NCBA President Todd Wilkinson testifies before Congress
On March 17, National Cattlemen’s Beef Association (NCBA) President Todd Wilkinson testified before the House Agriculture Committeeʼs Subcommittee on Livestock, Dairy and Poultry to discuss the state of the cattle industry and review animal agriculture stakeholder priorities.
2023 Farm Bill
To begin, Wilkinson explained one of NCBA’s top priorities for the 118th Congress is the passage of an effective farm bill, and as Congress moves toward this, he encouraged lawmakers to consider some key areas of importance.
The first is to protect animal health.
“Animal disease poses one of the greatest threats to the U.S. livestock industry,” he stated. “Since passage of the 2018 Farm Bill, highly pathogenic avian influenza has wreaked havoc upon the domestic poultry industry, African swine fever has spread closer to U.S. shores, and foot and mouth disease continues to run rampant across the globe.”
“These diseases, and others like them, will cause tremendous economic devastation if not properly responded to in a timely manner,” he added. “Simply put, Congress cannot afford to cut corners on animal disease prevention and preparedness programs.”
Therefore, Wilkinson shared NCBA has called upon Congress to support mandatory funding for three critical animal health components in the upcoming farm bill, including $153 million per year for the National Animal Vaccine and Veterinary Countermeasures Bank, $70 million per year for the National Animal Disease Preparedness and Response Program and $10 million per year for the National Animal Health Laboratory Network.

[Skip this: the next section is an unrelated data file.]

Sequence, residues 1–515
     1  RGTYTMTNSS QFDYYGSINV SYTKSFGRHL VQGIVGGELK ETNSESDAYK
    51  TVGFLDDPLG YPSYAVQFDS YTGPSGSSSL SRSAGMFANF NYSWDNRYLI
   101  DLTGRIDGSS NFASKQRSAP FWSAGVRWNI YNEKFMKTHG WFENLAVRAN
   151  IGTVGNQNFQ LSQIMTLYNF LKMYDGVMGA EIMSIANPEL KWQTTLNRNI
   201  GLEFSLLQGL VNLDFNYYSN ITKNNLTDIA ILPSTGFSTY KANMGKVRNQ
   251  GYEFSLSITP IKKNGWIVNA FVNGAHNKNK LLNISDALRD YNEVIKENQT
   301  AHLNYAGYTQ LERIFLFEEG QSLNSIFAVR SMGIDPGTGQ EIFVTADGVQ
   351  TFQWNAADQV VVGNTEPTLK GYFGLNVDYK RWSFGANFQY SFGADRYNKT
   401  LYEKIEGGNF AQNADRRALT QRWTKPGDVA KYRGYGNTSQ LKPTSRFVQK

NCBA also urges Congress to promote voluntary conservation programs such as the Environmental Quality Incentives Program, the Conservation Stewardship Program and the Conservation Reserve Program; reinforce disaster programs such as the Livestock Indemnity Program and the Livestock Forage Program; support risk management programs and oppose a standalone livestock title.
As previously mentioned, animal disease is one of the largest threats to the U.S. cattle industry.
Wilkinson noted, because of this, NCBA urges Congress to swiftly reauthorize the Animal Drug User Fee Act (ADUFA) by Sept. 30.
ADUFA was established in Congress in 2003 as an amendment to the Food, Drug and Cosmetics Act and allows the Food and Drug Administration (FDA) to collect fees from animal health companies to enable FDA’s Center for Veterinary Medicine to meet performance standards for the timely approval of new animal drugs.
“An efficient new animal drug review process is essential to the approval of safe and effective new animal drugs which protect animal and public health,” Wilkinson stated.
He also noted, equally as important, is USDA’s proposed rule to require electronic identification for interstate movement of cattle.